Understanding precipitate evolution during friction stir welding of Al-Zn-Mg-Cu alloy through in-situ measurement coupled with simulation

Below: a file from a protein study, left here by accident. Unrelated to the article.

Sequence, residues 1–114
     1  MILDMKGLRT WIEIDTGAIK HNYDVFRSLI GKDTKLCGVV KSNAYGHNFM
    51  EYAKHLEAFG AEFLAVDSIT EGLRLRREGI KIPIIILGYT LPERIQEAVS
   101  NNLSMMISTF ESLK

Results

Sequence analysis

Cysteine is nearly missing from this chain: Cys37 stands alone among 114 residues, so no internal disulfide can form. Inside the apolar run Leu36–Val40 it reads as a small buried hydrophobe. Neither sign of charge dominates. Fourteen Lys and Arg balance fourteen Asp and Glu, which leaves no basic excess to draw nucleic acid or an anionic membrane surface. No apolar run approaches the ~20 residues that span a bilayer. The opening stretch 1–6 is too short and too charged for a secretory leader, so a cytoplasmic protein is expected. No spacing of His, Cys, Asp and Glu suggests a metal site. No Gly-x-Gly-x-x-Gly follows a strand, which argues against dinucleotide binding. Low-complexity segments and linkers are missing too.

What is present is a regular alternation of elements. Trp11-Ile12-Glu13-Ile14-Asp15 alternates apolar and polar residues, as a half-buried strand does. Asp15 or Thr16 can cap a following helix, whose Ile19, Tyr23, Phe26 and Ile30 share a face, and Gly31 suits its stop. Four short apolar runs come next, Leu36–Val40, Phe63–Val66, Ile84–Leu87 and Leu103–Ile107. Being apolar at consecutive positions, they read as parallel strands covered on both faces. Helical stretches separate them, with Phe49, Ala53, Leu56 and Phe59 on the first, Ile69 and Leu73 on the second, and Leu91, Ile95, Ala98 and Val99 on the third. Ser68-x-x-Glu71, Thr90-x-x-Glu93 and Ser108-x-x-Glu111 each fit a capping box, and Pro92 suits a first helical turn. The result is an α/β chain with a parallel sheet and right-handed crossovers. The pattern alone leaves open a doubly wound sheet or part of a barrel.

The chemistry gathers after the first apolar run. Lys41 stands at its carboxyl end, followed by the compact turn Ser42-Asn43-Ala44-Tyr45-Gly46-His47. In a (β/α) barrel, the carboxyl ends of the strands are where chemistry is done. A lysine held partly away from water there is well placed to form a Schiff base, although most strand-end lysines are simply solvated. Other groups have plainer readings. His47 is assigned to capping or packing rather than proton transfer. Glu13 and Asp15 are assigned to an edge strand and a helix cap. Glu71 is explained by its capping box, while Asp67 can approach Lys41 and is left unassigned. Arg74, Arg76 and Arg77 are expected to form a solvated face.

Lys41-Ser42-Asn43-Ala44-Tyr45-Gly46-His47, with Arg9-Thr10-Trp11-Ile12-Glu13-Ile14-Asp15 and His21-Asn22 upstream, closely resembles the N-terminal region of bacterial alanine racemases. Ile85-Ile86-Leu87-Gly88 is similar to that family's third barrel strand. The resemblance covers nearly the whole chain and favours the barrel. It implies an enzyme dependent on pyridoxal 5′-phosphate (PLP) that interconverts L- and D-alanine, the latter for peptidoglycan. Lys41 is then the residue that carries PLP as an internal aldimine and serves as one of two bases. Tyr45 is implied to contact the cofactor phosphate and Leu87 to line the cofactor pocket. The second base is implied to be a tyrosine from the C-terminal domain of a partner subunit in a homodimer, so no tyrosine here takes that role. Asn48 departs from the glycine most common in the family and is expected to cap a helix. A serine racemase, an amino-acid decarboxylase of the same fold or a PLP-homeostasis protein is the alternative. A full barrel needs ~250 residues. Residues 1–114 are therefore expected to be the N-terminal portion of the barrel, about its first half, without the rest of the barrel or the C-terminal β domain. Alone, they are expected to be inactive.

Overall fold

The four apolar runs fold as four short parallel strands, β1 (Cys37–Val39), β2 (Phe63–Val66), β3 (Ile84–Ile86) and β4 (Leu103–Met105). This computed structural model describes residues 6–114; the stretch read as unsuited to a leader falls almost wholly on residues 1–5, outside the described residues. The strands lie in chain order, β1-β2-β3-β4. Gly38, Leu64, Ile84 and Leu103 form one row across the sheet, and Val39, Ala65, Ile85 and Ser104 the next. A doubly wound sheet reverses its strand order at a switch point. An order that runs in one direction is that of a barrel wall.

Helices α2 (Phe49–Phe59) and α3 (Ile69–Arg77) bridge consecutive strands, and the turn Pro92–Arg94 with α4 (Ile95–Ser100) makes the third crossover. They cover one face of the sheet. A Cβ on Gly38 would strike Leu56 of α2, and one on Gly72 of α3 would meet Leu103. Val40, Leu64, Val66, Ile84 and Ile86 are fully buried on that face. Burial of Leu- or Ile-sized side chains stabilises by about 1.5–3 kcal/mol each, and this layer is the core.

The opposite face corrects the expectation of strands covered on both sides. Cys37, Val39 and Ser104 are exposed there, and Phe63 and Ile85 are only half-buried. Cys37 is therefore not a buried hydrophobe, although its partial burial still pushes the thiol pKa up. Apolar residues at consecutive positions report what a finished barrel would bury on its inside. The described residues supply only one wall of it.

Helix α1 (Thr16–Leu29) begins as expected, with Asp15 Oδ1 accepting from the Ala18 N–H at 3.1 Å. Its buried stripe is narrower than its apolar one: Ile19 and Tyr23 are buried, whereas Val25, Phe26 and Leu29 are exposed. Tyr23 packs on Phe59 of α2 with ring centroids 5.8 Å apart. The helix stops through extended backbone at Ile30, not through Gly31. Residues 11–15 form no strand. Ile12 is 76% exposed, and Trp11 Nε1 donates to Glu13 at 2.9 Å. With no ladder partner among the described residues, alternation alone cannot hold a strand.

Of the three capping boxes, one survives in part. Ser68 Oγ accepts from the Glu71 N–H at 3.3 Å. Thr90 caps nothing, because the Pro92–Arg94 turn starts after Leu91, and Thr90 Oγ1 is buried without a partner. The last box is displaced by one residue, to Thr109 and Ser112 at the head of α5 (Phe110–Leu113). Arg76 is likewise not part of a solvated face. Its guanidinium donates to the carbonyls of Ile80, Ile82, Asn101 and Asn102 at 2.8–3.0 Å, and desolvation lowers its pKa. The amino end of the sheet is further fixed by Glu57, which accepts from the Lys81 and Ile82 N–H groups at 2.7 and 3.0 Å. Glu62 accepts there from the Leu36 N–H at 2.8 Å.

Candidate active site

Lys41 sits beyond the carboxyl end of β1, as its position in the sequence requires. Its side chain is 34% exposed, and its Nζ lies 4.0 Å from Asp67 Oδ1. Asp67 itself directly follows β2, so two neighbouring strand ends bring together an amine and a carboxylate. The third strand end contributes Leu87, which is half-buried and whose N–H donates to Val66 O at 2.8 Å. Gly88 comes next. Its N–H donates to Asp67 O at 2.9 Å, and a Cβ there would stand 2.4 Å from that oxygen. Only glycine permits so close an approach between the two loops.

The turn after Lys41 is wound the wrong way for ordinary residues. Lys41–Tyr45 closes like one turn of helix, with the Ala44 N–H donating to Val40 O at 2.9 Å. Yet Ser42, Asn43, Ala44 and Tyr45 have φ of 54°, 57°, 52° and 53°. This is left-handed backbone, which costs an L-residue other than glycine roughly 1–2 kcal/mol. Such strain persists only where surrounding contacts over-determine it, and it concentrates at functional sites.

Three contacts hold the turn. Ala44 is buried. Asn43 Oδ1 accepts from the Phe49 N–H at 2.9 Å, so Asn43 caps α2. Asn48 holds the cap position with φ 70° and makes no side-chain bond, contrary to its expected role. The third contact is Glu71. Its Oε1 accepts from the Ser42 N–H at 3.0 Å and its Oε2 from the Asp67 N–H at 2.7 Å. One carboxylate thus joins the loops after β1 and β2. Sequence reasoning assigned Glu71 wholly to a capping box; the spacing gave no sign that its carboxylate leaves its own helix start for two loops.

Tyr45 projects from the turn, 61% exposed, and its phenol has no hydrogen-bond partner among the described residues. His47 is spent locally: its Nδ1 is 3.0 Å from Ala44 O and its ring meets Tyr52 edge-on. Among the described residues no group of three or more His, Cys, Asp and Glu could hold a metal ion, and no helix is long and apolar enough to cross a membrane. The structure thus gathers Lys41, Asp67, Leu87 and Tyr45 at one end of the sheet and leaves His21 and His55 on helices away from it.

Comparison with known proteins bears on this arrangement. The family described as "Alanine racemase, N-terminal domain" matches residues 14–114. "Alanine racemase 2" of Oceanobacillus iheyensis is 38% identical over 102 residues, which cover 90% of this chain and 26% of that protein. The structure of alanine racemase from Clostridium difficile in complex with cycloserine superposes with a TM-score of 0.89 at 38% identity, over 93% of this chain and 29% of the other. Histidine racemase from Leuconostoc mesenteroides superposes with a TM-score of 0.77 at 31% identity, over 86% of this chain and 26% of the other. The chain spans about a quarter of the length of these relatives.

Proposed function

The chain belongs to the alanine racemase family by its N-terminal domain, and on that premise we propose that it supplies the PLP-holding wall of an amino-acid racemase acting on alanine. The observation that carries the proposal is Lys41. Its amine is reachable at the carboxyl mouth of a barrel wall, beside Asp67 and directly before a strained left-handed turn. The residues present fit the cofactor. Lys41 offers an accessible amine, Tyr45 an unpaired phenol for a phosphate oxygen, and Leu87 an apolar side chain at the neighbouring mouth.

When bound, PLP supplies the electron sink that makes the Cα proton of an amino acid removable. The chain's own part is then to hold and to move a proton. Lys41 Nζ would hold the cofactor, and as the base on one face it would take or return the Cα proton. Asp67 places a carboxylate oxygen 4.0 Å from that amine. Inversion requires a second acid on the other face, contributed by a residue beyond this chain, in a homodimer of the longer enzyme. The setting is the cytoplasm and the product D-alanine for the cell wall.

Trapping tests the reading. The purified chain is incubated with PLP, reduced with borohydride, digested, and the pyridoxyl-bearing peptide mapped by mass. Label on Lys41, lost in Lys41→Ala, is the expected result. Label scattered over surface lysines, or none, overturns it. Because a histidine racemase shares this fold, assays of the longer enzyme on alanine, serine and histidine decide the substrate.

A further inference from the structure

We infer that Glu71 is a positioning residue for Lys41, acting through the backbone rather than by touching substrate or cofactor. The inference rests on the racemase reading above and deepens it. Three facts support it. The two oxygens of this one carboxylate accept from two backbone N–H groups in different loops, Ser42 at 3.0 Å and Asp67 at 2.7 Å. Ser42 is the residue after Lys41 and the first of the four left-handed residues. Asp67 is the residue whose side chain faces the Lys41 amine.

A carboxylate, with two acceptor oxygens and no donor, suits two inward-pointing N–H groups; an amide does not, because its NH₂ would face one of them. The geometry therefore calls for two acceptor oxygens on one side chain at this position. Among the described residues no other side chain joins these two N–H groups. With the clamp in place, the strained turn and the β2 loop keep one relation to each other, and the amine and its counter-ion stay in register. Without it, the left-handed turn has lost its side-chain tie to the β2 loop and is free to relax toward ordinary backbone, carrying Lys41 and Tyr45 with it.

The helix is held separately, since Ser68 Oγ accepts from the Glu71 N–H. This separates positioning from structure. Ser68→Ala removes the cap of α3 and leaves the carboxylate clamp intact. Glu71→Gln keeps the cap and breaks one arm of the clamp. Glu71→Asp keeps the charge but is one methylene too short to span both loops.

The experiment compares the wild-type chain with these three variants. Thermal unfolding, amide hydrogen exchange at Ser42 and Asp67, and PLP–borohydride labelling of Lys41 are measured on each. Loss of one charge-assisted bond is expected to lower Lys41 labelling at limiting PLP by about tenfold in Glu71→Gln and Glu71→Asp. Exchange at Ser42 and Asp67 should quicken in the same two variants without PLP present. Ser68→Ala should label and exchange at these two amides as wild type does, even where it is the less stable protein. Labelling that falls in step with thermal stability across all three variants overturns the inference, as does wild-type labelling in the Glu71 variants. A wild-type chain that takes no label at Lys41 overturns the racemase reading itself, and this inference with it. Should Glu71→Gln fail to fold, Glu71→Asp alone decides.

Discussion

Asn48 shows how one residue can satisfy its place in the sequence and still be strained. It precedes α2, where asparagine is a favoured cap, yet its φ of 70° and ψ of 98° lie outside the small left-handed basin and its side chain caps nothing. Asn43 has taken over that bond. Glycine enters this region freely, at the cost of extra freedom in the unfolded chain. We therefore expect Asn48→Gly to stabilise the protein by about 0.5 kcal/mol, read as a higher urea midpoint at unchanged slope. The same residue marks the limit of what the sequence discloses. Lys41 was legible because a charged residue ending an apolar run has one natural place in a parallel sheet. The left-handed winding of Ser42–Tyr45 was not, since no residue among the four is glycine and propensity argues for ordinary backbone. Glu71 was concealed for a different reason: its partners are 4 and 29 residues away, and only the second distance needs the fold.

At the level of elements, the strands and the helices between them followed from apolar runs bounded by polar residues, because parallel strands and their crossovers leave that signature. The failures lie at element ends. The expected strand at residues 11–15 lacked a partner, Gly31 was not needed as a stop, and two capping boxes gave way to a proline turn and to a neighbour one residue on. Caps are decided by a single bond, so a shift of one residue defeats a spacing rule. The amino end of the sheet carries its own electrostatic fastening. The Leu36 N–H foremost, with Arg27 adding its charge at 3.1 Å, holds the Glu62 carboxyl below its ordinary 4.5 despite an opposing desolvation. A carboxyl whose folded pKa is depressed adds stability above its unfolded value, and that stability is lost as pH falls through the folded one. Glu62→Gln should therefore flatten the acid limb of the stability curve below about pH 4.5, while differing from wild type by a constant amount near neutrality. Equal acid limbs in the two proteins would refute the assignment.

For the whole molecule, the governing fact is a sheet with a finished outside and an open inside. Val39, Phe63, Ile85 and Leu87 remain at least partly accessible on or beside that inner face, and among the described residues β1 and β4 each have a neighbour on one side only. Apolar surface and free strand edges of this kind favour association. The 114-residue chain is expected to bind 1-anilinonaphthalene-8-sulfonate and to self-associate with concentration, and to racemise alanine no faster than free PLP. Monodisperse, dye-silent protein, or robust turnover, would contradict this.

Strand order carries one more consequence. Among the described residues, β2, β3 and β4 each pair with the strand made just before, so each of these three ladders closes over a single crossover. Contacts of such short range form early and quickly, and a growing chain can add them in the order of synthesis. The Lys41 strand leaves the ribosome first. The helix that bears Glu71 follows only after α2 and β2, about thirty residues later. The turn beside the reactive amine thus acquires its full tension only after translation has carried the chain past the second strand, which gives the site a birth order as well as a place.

Friction Stir Welding (FSW) imparts both heat and deformation to the metal being joined, producing profound microstructural changes that determine the weld properties. In the case of welding of aerospace aluminium alloys, the most important change is the modification of the size, nature, and fraction of strengthening precipitates. To understand these changes requires the ability to measure the microstructural evolution during the welding process. This paper describes a new tool, the FlexiStir system, a portable friction stir unit designed for use in a high-energy synchrotron beamline that enables in-situ studies of microstructural evolution during FSW. FlexiStir has been used to measure precipitate evolution during FSW of aluminium alloy 7449-TAF and provide time-resolved measurement of precipitate size and volume fraction via small angle X-ray scattering (SAXS). These measurements have been interpreted with the aid of a previously developed microstructural model. The model predictions and SAXS measurements are in good qualitative agreement and demonstrate the complex precipitate transformation, dissolution, and reprecipitation events that occur during welding.
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